The US plans to ship 2.5 million doses of Johnson & Johnson's COVID-19 vaccine to Colombia, the White House said Wednesday.

The Colombian president's office said Monday that US President Joe Biden told President Ivan Duque of the donation in a call.

COVAX: World prepared for ‘wrong pandemic’

The world was somewhat prepared for a pandemic before COVID-19 struck, but it anticipated the wrong kind, said Aurelia Nguyen, managing director of the COVAX Facility for the nonprofit Gavi, the Vaccine Alliance.

“A lot of the focus had been on influenza,” Nguyen said Wednesday at the Bloomberg New Economy Catalyst virtual event. “We had the machinery in place thanks to seasonal flu vaccines, but we were not prepared for a coronavirus.”

Now that COVID-19 vaccines have been developed, the next step is to get them to countries worldwide - the mission of COVAX - and ensure that vaccines are available to poorer nations when the next pandemic inevitably hits, she said.


With the highly transmissible Delta variant accounting for more than a quarter of new COVID-19 cases, US officials are reconsidering mask guidance for the public.

There is still a lot of virus circulating in the United States, and close to 300 people are still dying daily from the coronavirus, US Surgeon General Dr. Vivek Murthy said in an interview with CNN, citing data from recent weeks.

Spikes in coronavirus cases are "entirely avoidable, entirely preventable" with vaccination, said Anthony Fauci, White House chief medical advisor.

Experts and officials are concerned that coronavirus variants, especially the highly transmissible Delta variant, will continue to drive up new cases.

With half the US population still not fully vaccinated, experts warned it could cause a resurgence of COVID-19 in the fall. 


Bulgaria, which has had its borders open to visitors from most countries, will introduce a color-code system from July 1, the health ministry said in a statement. 

The criteria for the three categories - red, yellow and green - will include rates of new cases and positivity of tests, identification of worrying new variants in the countries, as well as the lack of enough information.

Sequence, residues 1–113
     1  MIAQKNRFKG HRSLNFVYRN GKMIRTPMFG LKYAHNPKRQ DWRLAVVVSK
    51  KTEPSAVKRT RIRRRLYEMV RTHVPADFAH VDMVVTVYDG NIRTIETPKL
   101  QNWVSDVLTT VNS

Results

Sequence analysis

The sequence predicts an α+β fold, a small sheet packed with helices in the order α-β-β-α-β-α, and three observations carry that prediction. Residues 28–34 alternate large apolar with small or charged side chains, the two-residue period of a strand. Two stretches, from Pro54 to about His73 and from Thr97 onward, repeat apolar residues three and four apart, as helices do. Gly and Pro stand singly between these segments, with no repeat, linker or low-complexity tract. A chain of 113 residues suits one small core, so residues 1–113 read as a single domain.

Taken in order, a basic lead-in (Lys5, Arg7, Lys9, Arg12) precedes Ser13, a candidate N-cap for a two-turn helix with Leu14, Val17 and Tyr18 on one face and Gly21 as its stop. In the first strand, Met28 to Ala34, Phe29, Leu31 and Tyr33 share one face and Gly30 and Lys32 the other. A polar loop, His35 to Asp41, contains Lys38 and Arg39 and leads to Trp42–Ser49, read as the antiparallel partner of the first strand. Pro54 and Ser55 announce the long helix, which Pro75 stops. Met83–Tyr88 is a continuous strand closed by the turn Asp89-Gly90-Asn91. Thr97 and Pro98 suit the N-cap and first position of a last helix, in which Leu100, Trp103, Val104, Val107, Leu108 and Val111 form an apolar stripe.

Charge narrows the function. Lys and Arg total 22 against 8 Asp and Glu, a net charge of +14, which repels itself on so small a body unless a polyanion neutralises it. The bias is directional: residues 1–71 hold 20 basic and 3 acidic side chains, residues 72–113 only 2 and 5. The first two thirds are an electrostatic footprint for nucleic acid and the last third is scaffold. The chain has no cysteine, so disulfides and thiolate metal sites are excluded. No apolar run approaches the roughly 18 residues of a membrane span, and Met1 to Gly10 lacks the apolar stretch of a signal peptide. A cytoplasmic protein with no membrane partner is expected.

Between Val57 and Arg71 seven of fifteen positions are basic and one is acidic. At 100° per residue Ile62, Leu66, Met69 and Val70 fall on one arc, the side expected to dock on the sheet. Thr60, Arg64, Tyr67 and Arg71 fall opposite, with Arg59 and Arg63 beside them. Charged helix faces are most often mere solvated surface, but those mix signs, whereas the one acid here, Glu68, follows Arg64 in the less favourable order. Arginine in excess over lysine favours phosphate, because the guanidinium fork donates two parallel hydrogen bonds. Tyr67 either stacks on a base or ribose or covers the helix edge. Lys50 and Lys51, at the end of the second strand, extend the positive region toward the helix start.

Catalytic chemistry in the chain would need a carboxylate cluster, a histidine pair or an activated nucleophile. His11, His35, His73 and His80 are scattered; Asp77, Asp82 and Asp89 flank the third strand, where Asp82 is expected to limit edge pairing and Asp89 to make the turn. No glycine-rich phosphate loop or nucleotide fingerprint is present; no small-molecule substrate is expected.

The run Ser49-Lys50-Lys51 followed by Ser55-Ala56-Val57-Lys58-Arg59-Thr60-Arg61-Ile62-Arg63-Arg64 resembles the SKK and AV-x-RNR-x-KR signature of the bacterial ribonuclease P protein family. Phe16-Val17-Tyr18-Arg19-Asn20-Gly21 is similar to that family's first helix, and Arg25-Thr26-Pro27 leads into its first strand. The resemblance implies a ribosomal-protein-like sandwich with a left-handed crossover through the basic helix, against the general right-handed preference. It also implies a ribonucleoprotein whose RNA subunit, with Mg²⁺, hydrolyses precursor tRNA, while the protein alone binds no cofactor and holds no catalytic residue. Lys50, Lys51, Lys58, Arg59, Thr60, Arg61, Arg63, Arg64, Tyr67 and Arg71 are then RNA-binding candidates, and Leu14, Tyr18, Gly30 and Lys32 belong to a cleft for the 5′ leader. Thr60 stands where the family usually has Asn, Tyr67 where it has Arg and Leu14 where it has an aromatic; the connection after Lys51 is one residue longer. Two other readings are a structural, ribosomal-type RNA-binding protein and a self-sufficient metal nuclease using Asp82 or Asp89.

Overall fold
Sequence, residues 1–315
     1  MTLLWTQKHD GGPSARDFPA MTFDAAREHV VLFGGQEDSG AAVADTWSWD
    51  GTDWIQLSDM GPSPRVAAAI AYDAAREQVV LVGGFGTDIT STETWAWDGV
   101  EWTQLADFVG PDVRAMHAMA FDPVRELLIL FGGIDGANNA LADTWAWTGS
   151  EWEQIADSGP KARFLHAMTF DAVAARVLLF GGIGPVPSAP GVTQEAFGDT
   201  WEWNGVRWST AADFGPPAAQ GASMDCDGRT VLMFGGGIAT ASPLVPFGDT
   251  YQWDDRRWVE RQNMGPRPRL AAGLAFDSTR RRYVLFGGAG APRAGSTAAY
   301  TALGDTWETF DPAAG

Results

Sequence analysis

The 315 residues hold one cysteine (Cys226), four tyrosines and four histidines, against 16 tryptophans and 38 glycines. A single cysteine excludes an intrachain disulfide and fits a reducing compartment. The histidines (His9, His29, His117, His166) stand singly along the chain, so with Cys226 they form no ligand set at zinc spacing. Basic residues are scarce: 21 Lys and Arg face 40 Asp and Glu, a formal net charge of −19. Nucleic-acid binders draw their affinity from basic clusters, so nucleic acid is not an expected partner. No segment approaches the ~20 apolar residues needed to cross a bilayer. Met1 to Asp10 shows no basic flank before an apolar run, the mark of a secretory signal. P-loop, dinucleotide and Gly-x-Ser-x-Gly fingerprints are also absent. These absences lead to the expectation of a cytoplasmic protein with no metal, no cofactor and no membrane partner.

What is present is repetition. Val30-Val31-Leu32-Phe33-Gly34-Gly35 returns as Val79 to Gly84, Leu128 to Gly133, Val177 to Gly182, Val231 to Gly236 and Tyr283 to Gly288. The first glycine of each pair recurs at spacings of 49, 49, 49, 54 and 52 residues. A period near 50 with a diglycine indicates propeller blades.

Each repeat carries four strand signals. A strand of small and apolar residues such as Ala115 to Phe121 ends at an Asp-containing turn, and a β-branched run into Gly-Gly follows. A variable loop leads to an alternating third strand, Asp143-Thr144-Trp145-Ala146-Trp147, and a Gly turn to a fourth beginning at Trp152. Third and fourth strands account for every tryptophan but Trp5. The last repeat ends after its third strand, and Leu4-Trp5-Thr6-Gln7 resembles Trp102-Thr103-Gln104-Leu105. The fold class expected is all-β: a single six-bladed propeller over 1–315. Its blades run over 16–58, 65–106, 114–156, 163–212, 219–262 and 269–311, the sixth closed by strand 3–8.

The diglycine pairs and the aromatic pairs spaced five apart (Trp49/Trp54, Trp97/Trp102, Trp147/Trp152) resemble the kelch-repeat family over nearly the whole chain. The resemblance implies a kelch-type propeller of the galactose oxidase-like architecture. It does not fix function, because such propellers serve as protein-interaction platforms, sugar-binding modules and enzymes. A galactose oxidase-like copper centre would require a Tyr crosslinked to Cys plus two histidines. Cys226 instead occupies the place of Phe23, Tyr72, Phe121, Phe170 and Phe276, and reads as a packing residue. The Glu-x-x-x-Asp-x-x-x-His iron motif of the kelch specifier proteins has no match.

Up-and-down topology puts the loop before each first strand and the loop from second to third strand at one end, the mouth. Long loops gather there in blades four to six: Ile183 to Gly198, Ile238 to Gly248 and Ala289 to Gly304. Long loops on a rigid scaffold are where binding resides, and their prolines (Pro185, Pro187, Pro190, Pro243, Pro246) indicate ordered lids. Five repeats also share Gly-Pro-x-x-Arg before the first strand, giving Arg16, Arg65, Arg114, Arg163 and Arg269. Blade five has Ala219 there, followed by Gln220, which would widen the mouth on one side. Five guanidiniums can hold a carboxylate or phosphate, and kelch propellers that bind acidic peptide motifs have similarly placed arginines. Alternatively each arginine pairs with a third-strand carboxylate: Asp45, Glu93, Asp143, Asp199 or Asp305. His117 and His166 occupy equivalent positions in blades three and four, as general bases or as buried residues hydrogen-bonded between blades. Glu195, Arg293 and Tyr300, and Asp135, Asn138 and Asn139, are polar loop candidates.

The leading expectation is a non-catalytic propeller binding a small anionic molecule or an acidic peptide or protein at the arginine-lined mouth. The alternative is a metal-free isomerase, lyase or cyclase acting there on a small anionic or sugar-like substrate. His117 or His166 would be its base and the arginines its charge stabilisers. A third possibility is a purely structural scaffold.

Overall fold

The government in the Balkan country, which has the EU’s lowest vaccination rate, is preparing for a new wave in the fall amid the spread of the Delta variant in Europe and slow inoculation.


Ecuador on Wednesday reported 1,015 new COVID-19 infections and 13 deaths in the past 24 hours, bringing the tally to 458,504 and the toll to 15,900.

The province of Pichincha led in the new case with 420 fresh infections, and the capital Quito, located in Pichincha, remained as the epicenter of the pandemic in the South American country, having registered 377 new cases in the past 24 hours.

Public hospitals continue to be overwhelmed by COVID-19 patients, mainly in intensive care units, health authorities said.


Argentina on Wednesday reported 22,673 new cases of COVID-19 and 638 deaths in the last 24 hours, bringing the caseload to 4,470,374 with 94,304 fatalities.

The Ministry of Health said active cases have amounted to 299,149 with 6,308 patients in intensive care units (ICUs), while some 4,076,921 people have recovered from the disease.

Argentina has focused on preventing the emergence of the Delta variant, and has begun, as of this week, limiting the entry of residents from abroad by issuing entry permits for 600 people per day coming via Ezeiza International Airport.

The health minister of Buenos Aires, Daniel Gollan, said Wednesday that the restriction was adopted because many travelers did not comply with mandatory home isolation after returning from abroad.

A young boy walks past a mural promoting vaccination for COVID-19 in Duduza township, east of Johannesburg, South Africa, June 23, 2021. (THEMBA HADEBE / AP)

South Africa

Excess deaths, seen as a more precise way of measuring total fatalities from the coronavirus, rose to their highest level in the South African commercial hub of Gauteng since the pandemic began.

In the week to June 20, a total of 2,242 more deaths than normal were recorded in the province that includes Johannesburg, the biggest city, and Pretoria, the capital, according to a report from the South African Medical Research Council. That compares with the 475 deaths officially attributed to COVID-19.

The National Institute of Communicable Diseases has attributed the rapid climb in cases and deaths to the emergence in the country of the delta variant, first identified in India. 

Overall 32,974 excess deaths have been recorded in Gauteng and 176,700 nationally over the course of the pandemic, according to the SAMRC. That compares with an official total of 60,647 attributed to COVID-19. 

Nationally 3,907 excess deaths were recorded in the week to June 20, with 1,188 of those were officially attributed to Covid-19.

In another development, the World Bank and a trio of western government agencies announced Wednesday a financing package for production of the Johnson & Johnson (J&J) coronavirus vaccine in South Africa, part of an effort to scale global production and meet demand for billions of doses.

The 600 million euro (US$712 million) deal will support Aspen Pharmacare Holdings Ltd. in producing 500 million doses of the shots through 2022. Of that amount, 30 million will be produced for use in South Africa in 2021, out of a total of 250 million due by the end of the year.

J&J will provide the drug substance, which is the main ingredient, and Aspen - which is based in the South African port city of Durban - will conduct the fill-finish process, or the last stage in production, the officials said.


Botswana will vaccinate 80 percent of those aged 55 and above in the southern African country by the end of July, the Ministry of Health and Wellness said Wednesday.

The estimation was made following the arrival of a batch of Sinovac COVID-19 vaccine on June 24, Christopher Nyanga, the ministry's spokesperson, said in a press release.